Ernst Lubitsch is the greatest director whose name you've probably never heard. If you like old films like "Ninotchka" (1939), eventually you will find one that unexpectedly just blows you away, and you will look and find that the director was Mr. Lubitsch.
|She hasn't found the right hat yet.....|
In a way, he was the Mel Brooks of his time. While Brooks continually pokes fun at Hitler, Lubitsch never pulled any punches with Communists or Russians. Of course, Billy Wilder wrote the "Ninotchka" script and deserves credit - and if you don't see that duo of Wilder and Lubitsch as one of the most talented combinations of all time, then you just don't know enough about their careers. "Ninotchka" is a delightful look into Soviet Russia - an enigma to most at the time - and how people there are, well, people, too.
|Even the Kommisar has to do the dishes!|
But the delights of this film go way beyond that. Greta Garbo shines like a beacon in this film. As in almost all of her films, it is as though she were a modern starlet somehow transported back into old black and white stock. She has an intelligence that leaps off of the screen - you feel that she has the same sensibility that we do, and that she is in on the joke as well.
|Isn't that just an awesome, seductive look?|
Beyond that, of course, is that fact that Garbo is awesomely beautiful in an earthy and understandable way and hysterically funny. If you want to see why she became a legend, this is the film to see. It shows Greta Garbo at her best, displaying an acting range as Ninotchka that dwarfs just about anyone else of her time. She had unfairly gotten a reputation from her previous films as somewhat of an emotionless figure, but she decisively ended that with this film. This also happens to be perhaps the best indictment ever made of Russian Communism because it makes the case with humor.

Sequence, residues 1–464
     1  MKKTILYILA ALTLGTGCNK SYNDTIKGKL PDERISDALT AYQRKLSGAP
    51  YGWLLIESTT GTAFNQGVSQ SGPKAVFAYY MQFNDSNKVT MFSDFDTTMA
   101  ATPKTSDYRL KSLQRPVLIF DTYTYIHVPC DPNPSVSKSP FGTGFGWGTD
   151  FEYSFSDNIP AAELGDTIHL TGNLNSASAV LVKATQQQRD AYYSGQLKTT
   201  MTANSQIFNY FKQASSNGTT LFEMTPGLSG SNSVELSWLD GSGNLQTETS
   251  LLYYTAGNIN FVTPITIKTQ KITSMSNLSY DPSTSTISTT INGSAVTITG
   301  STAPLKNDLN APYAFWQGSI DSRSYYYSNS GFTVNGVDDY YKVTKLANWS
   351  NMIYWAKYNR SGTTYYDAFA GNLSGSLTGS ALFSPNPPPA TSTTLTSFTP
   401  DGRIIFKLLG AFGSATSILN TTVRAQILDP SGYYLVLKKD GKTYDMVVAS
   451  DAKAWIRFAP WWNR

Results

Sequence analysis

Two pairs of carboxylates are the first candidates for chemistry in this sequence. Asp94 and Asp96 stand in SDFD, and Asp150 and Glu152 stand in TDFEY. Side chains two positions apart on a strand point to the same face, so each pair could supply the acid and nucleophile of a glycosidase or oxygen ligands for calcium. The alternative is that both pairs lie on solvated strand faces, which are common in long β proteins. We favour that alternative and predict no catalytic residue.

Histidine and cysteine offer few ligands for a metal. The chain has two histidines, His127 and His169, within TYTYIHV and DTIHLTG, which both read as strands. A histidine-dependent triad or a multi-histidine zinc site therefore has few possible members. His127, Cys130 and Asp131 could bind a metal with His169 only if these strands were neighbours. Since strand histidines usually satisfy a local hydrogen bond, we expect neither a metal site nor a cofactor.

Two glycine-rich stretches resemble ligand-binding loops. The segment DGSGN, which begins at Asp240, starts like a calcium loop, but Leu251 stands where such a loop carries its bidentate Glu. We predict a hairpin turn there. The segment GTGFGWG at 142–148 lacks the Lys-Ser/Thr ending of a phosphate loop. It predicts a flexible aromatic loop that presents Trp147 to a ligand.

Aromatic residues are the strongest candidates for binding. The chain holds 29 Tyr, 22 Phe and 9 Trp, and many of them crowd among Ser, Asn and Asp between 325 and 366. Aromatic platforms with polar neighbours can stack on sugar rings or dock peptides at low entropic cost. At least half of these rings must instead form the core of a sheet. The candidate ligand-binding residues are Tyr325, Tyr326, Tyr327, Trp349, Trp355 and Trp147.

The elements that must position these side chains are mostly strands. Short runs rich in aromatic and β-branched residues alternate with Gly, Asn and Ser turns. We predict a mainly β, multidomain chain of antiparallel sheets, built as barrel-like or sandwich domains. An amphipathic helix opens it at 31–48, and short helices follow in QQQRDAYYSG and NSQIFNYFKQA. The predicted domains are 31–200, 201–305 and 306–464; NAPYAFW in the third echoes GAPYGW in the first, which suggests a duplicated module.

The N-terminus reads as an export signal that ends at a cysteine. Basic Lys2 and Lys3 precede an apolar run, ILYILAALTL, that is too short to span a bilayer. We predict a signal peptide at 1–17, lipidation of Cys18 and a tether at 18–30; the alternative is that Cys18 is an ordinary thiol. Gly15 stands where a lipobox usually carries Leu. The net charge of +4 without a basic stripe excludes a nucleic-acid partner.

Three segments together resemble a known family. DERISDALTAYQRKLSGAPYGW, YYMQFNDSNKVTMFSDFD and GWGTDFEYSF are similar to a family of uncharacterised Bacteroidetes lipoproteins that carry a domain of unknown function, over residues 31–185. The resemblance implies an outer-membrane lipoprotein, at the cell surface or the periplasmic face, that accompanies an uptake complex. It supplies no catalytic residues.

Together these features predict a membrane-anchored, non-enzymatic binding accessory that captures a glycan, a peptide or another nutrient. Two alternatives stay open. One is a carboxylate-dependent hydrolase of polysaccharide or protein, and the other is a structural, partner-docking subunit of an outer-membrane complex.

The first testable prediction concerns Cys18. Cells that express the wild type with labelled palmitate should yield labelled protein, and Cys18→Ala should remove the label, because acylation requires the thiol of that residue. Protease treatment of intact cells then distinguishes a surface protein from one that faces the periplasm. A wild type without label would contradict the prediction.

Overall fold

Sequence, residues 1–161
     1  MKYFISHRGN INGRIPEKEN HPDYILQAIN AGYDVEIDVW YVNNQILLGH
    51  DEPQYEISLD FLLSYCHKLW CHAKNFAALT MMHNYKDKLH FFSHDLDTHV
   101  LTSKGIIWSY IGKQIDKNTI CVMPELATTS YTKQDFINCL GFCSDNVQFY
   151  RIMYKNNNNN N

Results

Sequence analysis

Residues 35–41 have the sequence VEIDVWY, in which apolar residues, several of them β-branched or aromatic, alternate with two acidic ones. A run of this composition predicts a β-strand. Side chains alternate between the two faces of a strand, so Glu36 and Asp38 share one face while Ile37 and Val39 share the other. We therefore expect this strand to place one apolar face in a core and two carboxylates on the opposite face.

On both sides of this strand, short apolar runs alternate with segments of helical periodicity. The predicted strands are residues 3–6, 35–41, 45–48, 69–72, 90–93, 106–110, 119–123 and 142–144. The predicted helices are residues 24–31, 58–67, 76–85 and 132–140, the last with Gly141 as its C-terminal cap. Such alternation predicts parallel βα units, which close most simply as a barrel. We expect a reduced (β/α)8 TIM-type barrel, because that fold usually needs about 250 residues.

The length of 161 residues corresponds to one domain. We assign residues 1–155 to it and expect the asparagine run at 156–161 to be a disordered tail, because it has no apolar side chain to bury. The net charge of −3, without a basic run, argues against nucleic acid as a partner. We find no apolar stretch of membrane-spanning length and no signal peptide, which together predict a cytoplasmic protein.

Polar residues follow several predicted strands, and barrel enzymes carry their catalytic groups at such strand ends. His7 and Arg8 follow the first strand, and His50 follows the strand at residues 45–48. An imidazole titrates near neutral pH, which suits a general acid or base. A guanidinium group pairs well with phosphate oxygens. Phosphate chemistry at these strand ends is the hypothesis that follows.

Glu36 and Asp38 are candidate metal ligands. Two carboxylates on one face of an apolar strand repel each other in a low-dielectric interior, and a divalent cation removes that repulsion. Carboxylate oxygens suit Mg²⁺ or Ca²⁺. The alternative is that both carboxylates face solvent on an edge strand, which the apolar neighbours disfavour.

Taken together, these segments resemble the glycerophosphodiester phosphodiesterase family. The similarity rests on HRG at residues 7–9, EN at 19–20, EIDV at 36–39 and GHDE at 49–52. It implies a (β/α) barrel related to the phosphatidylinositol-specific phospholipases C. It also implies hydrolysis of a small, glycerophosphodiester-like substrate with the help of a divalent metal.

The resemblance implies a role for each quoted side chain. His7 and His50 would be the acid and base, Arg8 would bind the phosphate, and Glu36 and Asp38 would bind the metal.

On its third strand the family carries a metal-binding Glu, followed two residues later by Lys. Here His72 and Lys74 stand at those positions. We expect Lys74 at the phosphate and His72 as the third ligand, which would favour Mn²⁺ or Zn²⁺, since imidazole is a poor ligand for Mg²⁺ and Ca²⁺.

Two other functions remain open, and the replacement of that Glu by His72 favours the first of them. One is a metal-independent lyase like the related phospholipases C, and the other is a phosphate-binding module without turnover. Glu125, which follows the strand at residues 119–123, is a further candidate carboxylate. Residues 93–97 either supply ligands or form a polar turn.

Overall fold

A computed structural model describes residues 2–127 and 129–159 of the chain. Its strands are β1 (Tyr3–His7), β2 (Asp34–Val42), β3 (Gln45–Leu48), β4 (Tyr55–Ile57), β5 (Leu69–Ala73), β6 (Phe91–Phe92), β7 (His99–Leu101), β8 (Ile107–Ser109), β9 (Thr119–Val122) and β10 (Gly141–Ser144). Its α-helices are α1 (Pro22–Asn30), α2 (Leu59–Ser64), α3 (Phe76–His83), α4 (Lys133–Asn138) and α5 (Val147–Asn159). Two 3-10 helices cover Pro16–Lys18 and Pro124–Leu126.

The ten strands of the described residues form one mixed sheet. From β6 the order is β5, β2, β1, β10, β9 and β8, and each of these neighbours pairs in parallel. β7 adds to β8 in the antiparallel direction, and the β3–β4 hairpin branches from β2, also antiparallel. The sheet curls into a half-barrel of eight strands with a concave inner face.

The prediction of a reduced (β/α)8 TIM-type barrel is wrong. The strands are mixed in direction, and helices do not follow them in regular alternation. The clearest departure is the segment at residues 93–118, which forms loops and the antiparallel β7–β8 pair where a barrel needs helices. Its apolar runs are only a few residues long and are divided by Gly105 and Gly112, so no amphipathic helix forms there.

|The three funniest stooges aside from... The Three Stooges.|
Three bumbling Soviet representatives (Sig Ruman, Felix Bressart, and Alexander Granach) are in Paris to sell some confiscated royal jewels. Caught up in the wonders of capitalism, they fail to consummate the deal and must face a visit from a Soviet supervisor, who turns out to be Garbo as Ninotchka. One of the best scenes in the film is when the trio go to the station to meet the unknown Soviet and spy a bewhiskered gentleman on the platform. "Maybe that's him," one says. They follow him, until he greets a companion with "Heil Hitler." "No, that's not him." Never fails to make me laugh.
|Yes, she laughs!!!!!!!!!!!!!!|
Anyway, it's a brilliant comedy. Yes, "Garbo laughs," but she does a whole lot more than that. Melvyn Douglas plays her paramour who shows her the sights of Paris and "the most unique spot," his apartment. He's a little too unctuous for my taste, but he plays well against Garbo at her sternest early in the film.
|Lubitxh with the two stars, who look quite comfortable|
Ernst Lubitsch displays his usual deft touch. Watch this with "To Be or Not to Be" and "The Little Shop Around the Corner" to get the full impact.
|Oh, THERE it is! That hat has gotten a lot of laughs over the years.|
This is one of the deftest comedies you'll ever see, with so many wonderful comic throw-away lines and unbelievable sight gags (Garbo's hat nearly steals the picture) that you'll lose count. And that hat Garbo wears is a scream! Catch this one, it's a classic for a reason.